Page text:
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CRAWLING on his belly through the mud, deep underground, a torch in one hand and a candle in the other, Adam McIntosh tried to ignore the suffocating heat. The next second he lost his grip on the slippery clay and found himself hurtling downhill headfirst at breakneck speed. It seemed like an eternity before he landed in a crumpled heap at the bottom of a mine shaft in the pitch black, battered and bruised, but counting himself lucky to have escaped serious injury.

 

The 24-year-old Edinburgh adventurer was the only white face among the Caribbean miners. But he would only join them once more on their quest for rare blue amber before deciding, all in all, it was too risky an enterprise to continue. "It is 100 times more expensive than normal amber," explains Adam, who has just returned home after seven years of globe-trotting that took him to Peru, India, the homelands of native Indian tribes in Canada, as well as the amber mines of the Dominican Republic. "The mines are a bit like the caves in the film The Goonies. You could be crawling quite happily in the wet clay and then suddenly the gradient would change and you'd find yourself on a death-slide with no end in sight. It was pretty terrifying. "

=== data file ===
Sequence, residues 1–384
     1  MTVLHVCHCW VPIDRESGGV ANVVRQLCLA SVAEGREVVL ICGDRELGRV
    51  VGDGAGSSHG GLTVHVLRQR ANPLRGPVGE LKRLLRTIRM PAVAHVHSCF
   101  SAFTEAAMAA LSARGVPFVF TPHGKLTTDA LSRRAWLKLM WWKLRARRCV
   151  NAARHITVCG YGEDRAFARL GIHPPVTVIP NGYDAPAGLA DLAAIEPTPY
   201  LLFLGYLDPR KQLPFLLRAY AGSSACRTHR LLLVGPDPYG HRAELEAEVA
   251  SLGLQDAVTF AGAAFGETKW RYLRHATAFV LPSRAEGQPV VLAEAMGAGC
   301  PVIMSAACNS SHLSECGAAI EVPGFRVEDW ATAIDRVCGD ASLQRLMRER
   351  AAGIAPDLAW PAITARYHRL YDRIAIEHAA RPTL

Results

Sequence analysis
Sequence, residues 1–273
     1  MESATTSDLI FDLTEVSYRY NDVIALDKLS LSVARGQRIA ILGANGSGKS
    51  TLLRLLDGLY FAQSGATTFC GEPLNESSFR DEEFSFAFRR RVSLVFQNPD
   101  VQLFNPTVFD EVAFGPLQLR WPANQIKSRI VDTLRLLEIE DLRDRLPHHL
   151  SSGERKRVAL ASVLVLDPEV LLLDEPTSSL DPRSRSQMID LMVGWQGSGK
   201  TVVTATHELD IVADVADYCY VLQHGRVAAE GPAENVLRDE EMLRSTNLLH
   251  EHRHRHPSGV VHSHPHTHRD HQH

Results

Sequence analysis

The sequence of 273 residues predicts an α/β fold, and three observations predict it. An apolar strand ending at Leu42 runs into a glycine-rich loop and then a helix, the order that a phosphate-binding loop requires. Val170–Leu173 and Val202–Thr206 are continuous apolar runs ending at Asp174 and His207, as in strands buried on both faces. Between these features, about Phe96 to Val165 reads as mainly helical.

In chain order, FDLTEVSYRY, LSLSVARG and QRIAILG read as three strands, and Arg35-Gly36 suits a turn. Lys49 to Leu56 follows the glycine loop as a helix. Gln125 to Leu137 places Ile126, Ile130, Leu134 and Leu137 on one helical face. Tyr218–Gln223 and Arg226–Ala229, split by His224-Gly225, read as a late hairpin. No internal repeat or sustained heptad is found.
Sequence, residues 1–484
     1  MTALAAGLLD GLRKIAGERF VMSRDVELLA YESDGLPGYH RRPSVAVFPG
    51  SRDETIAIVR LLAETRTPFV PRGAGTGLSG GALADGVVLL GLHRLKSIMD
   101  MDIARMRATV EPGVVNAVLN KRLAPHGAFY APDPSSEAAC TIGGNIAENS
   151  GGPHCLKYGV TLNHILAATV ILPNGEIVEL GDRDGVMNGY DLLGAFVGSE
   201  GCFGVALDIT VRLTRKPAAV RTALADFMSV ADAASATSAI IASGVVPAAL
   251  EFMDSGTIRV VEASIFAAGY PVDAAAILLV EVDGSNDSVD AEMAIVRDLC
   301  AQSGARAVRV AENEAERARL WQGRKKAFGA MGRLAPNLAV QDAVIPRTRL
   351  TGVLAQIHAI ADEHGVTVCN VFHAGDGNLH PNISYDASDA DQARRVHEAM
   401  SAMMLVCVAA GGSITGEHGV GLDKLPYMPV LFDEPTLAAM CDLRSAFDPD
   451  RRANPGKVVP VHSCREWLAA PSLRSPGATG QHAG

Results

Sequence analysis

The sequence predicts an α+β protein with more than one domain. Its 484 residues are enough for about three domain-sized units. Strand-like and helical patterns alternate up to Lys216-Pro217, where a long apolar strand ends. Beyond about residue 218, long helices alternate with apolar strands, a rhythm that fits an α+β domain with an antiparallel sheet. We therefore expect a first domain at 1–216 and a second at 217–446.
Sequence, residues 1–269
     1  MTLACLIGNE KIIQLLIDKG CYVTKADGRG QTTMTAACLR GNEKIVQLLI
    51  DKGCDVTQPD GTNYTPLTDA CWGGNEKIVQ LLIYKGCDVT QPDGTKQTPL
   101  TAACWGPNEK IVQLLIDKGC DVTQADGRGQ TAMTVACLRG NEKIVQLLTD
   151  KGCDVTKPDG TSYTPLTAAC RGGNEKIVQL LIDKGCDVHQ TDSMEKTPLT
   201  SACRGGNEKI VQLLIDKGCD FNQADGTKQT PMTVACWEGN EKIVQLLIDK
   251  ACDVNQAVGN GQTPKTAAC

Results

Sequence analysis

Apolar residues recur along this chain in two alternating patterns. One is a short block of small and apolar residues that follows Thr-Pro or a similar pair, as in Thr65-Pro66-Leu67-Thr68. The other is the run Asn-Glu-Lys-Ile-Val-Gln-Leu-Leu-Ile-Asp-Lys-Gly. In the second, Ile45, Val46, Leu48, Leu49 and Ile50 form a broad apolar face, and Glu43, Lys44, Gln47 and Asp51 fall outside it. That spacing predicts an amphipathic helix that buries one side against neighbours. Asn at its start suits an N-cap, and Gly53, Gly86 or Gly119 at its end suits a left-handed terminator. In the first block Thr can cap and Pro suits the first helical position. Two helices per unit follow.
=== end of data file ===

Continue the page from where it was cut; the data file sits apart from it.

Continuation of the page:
"The natives couldn't understand why a white man would want to go down there, so I only went mining myself a couple of times. The rest of the time I'd pay the native miners double the going rate set by the Dominican gangsters that are trying to corner the market in blue amber around the world." It was those gangsters who cut short his mining ambitions. One night as Adam was sleeping in a tent close to the mine his translator burst in, shouting at him to leave. "He was shouting 'Rapido! Rapido! Faster! Faster! They're coming'," recalls Adam. "We managed to lie low for a couple of days, but when we returned to the hotel room we found that it had been ransacked. "They were looking for the amber, but for some reason they didn't check the bathroom. It was in the bath cleaning off. We were able to retrieve the amber and get out of there."

 

It wasn't his only experience of gangsters after being forced to take an armed guard with him in Peru, when he hired guides to take him to a local mine in search of gems. "I even had to set aside my pacifist ideals and ride with gunmen to the mines," said Adam. "The people who chartered the vehicles that took me up the mountain wouldn't dare go near the mines without a truckload of weapons. "On the way up to the mountain they would discharge their guns. The message was, 'we're only here to do business, but we're armed so don't mess with us'."